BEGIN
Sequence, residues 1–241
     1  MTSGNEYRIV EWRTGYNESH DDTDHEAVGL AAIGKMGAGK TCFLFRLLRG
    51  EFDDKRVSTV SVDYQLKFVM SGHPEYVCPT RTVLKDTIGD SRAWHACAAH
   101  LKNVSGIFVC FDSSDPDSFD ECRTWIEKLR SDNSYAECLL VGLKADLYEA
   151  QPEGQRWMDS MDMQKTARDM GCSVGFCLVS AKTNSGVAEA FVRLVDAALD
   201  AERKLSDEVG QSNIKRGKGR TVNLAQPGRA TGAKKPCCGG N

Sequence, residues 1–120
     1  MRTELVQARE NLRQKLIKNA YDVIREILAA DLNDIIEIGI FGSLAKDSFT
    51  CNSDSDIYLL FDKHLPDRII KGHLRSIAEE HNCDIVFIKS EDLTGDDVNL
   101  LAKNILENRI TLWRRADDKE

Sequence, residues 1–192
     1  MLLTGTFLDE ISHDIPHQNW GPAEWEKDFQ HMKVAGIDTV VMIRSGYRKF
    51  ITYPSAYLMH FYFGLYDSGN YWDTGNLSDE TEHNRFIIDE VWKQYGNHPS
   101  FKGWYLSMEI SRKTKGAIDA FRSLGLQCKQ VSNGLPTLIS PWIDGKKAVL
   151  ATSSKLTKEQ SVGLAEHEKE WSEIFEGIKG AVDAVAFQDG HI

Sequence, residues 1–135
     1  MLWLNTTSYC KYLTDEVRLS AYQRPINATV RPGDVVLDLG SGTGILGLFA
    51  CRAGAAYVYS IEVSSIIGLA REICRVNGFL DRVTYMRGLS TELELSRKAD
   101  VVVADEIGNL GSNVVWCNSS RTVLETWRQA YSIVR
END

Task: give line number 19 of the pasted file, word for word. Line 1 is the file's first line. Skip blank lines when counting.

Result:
   101  VVVADEIGNL GSNVVWCNSS RTVLETWRQA YSIVR